LETTER TO THE EDITOR: A bear hunt in Lake Tahoe, seriously?
For those who live in the mountains that overlook Lake Tahoe, it’s magical. An excitement of the senses, of being close to nature the moment you walk out your door.
This euphoric feeling was shattered last week, when news of the fourth bear to be killed, occurred in my neighborhood. By neighborhood, I mean the area where we hike, mountain bike, snow shoe – where we coexist with nature around us. It’s a big area, connected by a series of paths, the Rim Trail and Castle Rock. It’s also home to some of the 200-300 black bears of the Sierras. I live off Kingsbury Grade, and I’ve had a mother bear and her cubs stroll down my driveway, the mother trying to keep her two mischievous cubs close. (I’ve seen the same thing with a mother and her kids at Target) It’s life in the mountains. We live here together, and as long as we keep garbage secured, there are no problems.
I’m not anti-hunting (heck, I even wrote a song recorded by Ted Nugent), but having a bear hunt in the recreational Tahoe basin is against what draws families here. Tahoe is a series of parks, ski resorts and villages, strung together by the rim trail in the mountains. It really makes it seem as though you are in one giant park, with no boundaries in between the various forest lands. This makes Tahoe a unique resort destination. Virtually all national parks in the United States & Canada, do not allow bear hunting. The Tahoe Rim Trail Association states that over 100,000 tourists are in Tahoe hiking and biking the trail every year. Most have the hope that someday they might see a bear in the wild, not see it killed. Picture them navigating the rim trail in a bright orange vest!?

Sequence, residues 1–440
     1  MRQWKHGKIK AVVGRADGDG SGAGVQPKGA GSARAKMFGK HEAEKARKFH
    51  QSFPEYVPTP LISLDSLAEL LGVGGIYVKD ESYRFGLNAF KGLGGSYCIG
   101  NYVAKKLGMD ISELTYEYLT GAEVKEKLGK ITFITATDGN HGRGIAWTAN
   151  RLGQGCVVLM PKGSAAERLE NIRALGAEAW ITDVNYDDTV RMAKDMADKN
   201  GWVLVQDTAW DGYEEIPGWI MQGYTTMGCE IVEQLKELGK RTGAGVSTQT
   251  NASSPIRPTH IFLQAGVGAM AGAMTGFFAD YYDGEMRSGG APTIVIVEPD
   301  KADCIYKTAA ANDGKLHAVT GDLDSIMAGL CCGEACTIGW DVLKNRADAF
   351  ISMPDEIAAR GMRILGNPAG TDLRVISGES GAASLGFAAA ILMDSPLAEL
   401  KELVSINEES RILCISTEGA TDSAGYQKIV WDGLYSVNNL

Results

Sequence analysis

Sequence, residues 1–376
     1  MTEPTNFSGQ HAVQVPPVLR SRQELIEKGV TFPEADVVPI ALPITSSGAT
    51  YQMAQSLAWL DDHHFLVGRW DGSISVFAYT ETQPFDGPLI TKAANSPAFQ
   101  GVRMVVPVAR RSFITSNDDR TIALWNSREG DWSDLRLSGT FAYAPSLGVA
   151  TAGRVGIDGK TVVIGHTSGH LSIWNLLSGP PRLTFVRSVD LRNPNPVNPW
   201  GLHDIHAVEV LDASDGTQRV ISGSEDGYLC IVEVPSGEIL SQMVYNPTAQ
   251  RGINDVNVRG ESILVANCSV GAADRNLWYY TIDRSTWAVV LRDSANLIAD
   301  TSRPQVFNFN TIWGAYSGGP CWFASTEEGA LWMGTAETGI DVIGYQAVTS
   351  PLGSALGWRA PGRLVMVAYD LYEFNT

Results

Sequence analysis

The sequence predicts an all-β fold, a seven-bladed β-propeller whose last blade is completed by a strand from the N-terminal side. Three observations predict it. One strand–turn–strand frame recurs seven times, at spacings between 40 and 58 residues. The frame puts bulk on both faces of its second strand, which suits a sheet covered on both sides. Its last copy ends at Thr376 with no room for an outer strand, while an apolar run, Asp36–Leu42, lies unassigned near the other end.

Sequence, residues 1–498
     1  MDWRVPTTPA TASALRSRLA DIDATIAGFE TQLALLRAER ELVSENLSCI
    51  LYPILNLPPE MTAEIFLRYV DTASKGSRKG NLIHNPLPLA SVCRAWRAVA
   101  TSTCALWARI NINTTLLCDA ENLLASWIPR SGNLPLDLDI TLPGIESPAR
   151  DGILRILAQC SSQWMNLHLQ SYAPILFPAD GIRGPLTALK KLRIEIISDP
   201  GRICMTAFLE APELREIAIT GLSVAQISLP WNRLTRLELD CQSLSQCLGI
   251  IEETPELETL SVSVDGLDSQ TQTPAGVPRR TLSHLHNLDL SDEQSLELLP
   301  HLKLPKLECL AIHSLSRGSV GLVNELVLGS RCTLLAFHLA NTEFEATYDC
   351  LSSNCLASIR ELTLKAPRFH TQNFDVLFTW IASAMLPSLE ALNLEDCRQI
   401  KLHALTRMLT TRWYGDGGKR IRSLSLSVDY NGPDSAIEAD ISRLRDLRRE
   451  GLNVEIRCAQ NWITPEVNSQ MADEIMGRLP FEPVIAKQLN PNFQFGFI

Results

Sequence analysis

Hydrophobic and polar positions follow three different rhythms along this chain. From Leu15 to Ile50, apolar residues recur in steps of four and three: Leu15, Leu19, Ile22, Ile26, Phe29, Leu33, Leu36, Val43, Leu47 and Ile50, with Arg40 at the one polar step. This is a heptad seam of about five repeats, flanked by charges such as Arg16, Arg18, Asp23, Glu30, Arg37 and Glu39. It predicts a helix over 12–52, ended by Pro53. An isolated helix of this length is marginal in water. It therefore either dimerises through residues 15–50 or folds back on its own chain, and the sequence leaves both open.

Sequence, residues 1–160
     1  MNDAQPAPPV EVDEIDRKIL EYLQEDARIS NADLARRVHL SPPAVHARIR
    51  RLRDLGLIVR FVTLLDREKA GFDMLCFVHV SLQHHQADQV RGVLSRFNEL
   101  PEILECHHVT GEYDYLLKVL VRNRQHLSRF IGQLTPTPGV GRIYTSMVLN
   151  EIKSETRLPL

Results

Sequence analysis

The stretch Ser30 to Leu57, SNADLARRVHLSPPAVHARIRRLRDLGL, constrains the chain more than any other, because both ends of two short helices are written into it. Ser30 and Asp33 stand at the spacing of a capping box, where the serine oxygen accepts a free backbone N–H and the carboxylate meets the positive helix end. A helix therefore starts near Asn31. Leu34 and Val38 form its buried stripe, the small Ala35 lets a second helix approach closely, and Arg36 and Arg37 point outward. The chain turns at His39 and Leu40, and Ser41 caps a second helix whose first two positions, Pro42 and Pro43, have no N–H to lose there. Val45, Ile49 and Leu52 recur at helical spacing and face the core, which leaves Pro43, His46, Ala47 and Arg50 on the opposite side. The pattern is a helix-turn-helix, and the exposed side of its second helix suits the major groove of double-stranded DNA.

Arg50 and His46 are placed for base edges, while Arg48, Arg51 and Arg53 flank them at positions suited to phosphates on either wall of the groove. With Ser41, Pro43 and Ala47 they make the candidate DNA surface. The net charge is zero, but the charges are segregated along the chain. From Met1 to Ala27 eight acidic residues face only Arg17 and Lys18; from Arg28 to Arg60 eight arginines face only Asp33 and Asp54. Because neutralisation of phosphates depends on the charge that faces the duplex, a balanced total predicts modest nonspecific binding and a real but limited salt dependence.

If you analyze a map of the hunt zone, you’ll see it is within 100 feet of the rim trail. Simply put, guns and recreational land just don’t mix.
Stop the hunt before a disaster occurs, make trails safe and keep us the gem of the Sierra.